Subaru XV long-term test review

The XV spearheads Subaru’s counter-attack on the raft of mainstream, medium-sized SUVs. We’re running one for six months to find out how it stacks up...

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Claire Evans
4 Jul 2018 9:10 | Last updated: 12 Jul 2018 11:7

  • The car Subaru XV 2.0i SE Premium Lineartronic
  • Run by Claire Evans, consumer editor
  • Why it’s here To see if improvements introduced for the 2018 version have made the XV a worthy adversary to its many rivals
  • Needs to Get to work whatever the weather and provide comfortable transport for the family at weekends

Price £28,510 Price as tested £29,060 Miles 4424 Official economy 55.4mpg Test economy 35.4mpg Options fitted Quartz Blue pearl paint (£550)


4 July 2018 – is my car smarter than me?

Price £28,510 Price as tested £29,060 Miles 6667 Official economy 55.4mpg Test economy 37.3mpg Options fitted Quartz Blue pearl paint (£550)

Using the XV for my daily commute has highlighted how astute its EyeSight camera system is. To park on my drive at the end of the day involves turning my car around by slinging the front end onto an unmade road beside our house and reversing into the main road. I’ve noticed that the XV’s camera system has quicker reactions than me; it pings up a clear picture of the road behind me the second I select reverse gear and, if there’s a car coming up behind me, its blindspot recognition system springs swiftly into action and flashes up car icons in the wing mirror.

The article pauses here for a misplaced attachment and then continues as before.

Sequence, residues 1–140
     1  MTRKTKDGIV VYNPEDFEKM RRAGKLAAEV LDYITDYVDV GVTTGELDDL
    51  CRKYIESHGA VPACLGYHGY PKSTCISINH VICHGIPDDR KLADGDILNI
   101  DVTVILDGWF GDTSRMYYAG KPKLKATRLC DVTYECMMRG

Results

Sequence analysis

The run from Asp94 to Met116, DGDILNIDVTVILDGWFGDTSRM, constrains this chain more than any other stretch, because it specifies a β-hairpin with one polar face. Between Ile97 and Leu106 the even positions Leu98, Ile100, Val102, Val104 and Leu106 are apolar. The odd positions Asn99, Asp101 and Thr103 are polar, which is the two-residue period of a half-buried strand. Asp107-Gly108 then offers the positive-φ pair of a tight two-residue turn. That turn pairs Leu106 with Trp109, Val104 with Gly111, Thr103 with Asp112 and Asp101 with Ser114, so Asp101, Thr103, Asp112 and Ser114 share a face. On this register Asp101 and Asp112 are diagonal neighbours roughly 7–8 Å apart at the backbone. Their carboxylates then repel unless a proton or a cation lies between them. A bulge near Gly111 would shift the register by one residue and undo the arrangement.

Subaru XV long-term test review

I’m relieved to say that the XV isn’t smarter than me in all situations, though. Its automatic emergency braking function doesn’t cut in unnecessarily like systems I’ve experienced in other cars, but it does flash up warnings about other vehicles being ahead when I’m pulling up close behind them in traffic.

Subaru XV long-term test review

Out-of-town capability

I recently had to abort a work run due to a nasty accident closing the M25 and this gave me the chance to take the XV on some of Surrey’s more rural roads. The byway that crosses Farthing Downs and takes you to the narrow, gravel-strewn country lanes of Chaldon is a breeze for any vehicle on a dry, warm summer’s day, but if I have to do this again in the winter I’ll be very grateful for the XV’s permanent four-wheel drive.


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